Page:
Stuffing something between the seats is a factor for constructive possession


In 2016, Shawn Lavant was stopped by Officer James Cowan with the Biloxi Police Department for driving without his vehicle’s headlights on. Lavant was the only person in the vehicle when Cowan stopped him. The vehicle belonged to Dorothy Parnell, but Lavant admitted that he frequently used the vehicle.

Cowan testified that as he approached the vehicle, it appeared as though Lavant was putting something behind the passenger’s seat. Cowan noticed an open container of beer and asked Lavant if he had been drinking. Lavant admitted to having a few drinks at the casino earlier that day, so Cowan called for a DUI officer.

According to Cowan, Lavant asked him if he was calling for backup, and when Cowan told him that he was, Lavant asked if he could drive his vehicle or get out of the vehicle and walk to a nearby gas station so he could use the restroom. Cowan denied these requests because in his experience it was fairly common for people with illegal contraband in a vehicle to want to distance themselves from the vehicle.

When DUI Officer Jason Cummings arrived, he told Cowan that it looked like Lavant was stuffing something between the driver’s seat and the center console. Cowan admitted that he did not see the stuffing motion as he was doing other things on the scene at the time. Based on the information he received from Cummings, Cowan obtained Lavant’s consent to search the vehicle.

Cowan found a clear pill bottle stuffed down between the driver’s seat and the center console. That pill bottle did not have a label and contained various multi-colored, multi-shaped pills (methamphetamine). He also found another clear pill bottle containing white pills in the center console. Cowan testified that this pill bottle had a prescription label for oxycodone, prescribed to Dorothy Parnell—the registered owner of the vehicle (testing came back methamphetamine).

According to the impound report Cowan also found marijuana and male clothing in the vehicle and approximately $1,000 cash inside the glove compartment. The record also reflects that Lavant had $200 in twenty-dollar bills in his wallet.

Cummings determined that Lavant was not impaired and turned Lavant back over to Cowan.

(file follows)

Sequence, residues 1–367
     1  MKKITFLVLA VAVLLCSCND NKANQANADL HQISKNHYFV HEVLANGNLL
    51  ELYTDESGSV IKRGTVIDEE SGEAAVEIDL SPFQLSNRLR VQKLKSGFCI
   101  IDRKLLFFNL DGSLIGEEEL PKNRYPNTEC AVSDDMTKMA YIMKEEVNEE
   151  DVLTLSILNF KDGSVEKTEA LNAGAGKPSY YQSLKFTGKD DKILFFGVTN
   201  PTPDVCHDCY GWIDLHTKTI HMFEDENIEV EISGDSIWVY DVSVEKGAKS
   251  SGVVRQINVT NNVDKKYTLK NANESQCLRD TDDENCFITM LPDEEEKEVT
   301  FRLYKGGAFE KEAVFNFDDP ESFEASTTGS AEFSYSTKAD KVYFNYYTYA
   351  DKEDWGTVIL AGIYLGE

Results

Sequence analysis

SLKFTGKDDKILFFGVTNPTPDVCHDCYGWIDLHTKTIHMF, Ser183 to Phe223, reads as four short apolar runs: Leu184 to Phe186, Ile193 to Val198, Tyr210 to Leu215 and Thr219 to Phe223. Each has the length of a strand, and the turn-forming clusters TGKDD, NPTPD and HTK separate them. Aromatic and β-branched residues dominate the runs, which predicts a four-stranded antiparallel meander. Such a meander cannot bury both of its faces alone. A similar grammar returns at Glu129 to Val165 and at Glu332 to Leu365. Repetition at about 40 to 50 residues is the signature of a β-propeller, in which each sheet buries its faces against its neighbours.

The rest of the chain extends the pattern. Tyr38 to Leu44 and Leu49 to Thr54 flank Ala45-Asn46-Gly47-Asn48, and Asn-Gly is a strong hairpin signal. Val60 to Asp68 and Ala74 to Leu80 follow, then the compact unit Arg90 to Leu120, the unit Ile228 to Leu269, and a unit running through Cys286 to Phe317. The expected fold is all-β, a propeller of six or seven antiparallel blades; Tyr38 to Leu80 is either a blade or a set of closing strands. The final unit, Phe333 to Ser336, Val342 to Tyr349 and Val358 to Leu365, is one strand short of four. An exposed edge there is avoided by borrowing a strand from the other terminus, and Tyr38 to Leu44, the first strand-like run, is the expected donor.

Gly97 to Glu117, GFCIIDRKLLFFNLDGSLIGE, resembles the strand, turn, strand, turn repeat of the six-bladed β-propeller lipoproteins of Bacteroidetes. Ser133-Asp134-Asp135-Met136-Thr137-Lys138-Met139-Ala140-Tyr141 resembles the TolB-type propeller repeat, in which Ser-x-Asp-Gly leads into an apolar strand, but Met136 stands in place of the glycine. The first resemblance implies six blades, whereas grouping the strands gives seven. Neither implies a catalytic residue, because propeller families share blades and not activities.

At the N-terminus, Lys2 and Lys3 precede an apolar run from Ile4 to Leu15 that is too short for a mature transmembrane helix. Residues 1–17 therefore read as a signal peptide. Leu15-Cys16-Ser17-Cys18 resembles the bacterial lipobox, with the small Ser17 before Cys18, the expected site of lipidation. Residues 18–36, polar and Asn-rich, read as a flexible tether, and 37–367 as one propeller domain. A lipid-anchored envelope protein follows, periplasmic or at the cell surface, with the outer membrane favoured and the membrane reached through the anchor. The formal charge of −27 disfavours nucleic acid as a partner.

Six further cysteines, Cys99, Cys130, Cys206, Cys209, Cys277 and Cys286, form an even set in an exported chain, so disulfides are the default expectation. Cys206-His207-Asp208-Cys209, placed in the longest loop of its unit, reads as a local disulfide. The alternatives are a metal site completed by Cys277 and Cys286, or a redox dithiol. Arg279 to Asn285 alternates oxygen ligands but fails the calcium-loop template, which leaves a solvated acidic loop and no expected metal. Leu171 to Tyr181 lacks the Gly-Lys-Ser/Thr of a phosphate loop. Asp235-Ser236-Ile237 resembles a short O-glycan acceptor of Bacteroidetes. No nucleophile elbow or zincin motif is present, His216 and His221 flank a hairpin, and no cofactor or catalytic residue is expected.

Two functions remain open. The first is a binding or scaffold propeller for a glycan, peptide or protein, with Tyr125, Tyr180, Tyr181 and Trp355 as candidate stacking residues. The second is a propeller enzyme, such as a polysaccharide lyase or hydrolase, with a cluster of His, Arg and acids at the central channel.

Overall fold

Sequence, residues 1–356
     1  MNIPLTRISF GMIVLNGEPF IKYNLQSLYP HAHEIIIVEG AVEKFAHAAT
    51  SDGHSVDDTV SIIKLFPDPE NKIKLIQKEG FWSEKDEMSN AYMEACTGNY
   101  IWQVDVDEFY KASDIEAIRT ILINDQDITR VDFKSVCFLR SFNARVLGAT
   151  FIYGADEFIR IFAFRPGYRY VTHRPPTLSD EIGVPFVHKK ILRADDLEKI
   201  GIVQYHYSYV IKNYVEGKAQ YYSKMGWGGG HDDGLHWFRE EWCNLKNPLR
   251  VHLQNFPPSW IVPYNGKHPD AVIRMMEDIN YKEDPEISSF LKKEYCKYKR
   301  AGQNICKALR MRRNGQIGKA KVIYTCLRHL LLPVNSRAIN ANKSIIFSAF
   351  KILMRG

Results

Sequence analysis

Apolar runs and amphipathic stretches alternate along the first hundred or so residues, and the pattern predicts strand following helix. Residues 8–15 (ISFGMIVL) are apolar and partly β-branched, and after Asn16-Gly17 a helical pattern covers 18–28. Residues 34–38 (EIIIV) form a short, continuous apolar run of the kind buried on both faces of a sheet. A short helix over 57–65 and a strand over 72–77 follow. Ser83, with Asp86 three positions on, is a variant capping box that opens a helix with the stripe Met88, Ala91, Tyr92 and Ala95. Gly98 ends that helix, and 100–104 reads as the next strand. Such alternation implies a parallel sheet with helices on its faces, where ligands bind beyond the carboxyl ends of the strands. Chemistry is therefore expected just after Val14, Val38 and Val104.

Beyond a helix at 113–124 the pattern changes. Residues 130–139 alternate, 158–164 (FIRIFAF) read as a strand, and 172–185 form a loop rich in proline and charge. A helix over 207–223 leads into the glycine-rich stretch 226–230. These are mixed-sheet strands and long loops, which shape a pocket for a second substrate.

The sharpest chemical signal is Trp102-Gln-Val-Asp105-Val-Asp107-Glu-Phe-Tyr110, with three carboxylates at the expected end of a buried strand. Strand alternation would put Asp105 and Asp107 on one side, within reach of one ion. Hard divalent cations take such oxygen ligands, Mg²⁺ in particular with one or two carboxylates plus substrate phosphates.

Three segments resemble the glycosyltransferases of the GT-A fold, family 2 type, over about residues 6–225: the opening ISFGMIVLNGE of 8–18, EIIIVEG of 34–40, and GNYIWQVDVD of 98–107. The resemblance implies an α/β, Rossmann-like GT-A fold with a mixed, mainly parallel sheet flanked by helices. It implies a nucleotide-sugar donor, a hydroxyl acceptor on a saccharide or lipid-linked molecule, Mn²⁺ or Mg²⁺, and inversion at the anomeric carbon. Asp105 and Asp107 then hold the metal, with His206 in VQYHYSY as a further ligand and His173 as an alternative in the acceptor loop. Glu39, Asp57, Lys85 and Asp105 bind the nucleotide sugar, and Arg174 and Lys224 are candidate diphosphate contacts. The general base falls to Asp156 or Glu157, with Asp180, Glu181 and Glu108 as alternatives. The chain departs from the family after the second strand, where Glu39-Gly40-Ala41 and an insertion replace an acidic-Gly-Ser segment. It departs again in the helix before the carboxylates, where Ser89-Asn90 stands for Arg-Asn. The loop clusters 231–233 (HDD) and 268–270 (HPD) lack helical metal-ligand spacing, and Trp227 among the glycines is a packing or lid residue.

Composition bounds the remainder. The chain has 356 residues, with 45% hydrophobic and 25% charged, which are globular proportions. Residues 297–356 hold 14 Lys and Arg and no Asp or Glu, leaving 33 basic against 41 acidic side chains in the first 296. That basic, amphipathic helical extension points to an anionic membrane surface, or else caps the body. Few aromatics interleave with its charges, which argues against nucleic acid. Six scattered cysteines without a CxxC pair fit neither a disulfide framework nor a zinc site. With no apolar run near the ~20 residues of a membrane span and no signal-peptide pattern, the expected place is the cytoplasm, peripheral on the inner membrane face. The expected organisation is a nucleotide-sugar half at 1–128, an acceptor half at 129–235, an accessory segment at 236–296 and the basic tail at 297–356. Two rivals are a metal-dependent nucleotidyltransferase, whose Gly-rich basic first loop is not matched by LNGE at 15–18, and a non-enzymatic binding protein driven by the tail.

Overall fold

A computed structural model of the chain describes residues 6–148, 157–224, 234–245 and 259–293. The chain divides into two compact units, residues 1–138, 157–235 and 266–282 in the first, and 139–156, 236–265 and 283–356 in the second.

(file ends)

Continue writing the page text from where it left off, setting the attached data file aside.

Lavant testified that he was at the casino and borrowed Parnell’s car to go get cigarettes. He denied stuffing anything in the car.

Lavant was convicted of possession with intent to distribute methamphetamine and sentenced to 25 years. On appeal, he argued he did not possess the drugs. MCOA affirmed.


To establish constructive possession, the drug merely has to be found near the defendant in a place over which the defendant exercises dominion or control. The defendant’s proximity to the drugs is a factor in establishing constructive possession, but it is not determinative.

In this case, Lavant did not own the vehicle in which the pills were found. When illegal substances are found on premises not owned by the defendant, the State must show other incriminating circumstances, in addition to proximity, in order to prove constructive possession. Finally, the elements of constructive possession may be proven by circumstantial evidence.

In this case, the record reflects that Lavant was the driver and sole occupant of the vehicle when he was stopped by Cowan. Lavant admitted at trial that he had been in the vehicle earlier that day, sitting in the passenger’s seat for thirty to forty-five minutes on the way to the casino. He further admitted that he frequently used Parnell’s vehicle, so many times that he could not count them.

Moreover, the jury heard Investigator Fore’s testimony that in his experience many people who sell drugs or who travel around with drugs do not use their personal vehicles so they can use the line, “It’s not my vehicle. It’s not my drugs.”

The jury also heard Cowan’s testimony that persons who have illegal contraband in their vehicle often want to distance themselves from the vehicle when they are stopped—conduct that Lavant displayed in this case when, shortly after being stopped, Lavant asked to get out of the vehicle to use the restroom at a nearby gas station. Cowan refused his request.

Finally, Lavant testified that he had been gambling at the casino since earlier that day, and Fore testified that, based on his experience, people often sell drugs at the casino.

Proof of additional incriminating circumstances developed when DUI Officer Cummings arrived on the scene. Although Lavant testified that he was out of the vehicle when Cummings arrived, both Cowan and Cummings testified to the contrary. Cowan testified that he denied Lavant’s request to leave the vehicle, and Cummings testified that Lavant was still in the vehicle when he got there.

Cummings testified that at this point, he observed Lavant trying to stuff something between the driver’s seat and the center console. He told Cowan what he saw, and Cowan testified that he then obtained consent to search the vehicle, and he recovered the unlabeled pill bottle containing 142 multi-colored, multi-shaped pills from between the driver’s seat and the console—the same area where Cummings saw Lavant “fiddling around” with something when he first arrived on the scene.

In short, the record reflects substantial evidence that Lavant constructively possessed methamphetamine under section 41-29-139(a)(1). See Patterson, where we found sufficient evidence to sustain a possession-of-cocaine conviction where police officers testified that they observed the defendant drop an object, and that the recovered object contained an illegal drug and Cantrell, where we found sufficient evidence that the defendant possessed syringes (one of which contained methamphetamine) where the officer observed the defendant remove something from his pants pocket and throw it and, later when the officer searched the area where he saw the defendant throw the item, and he found two syringes.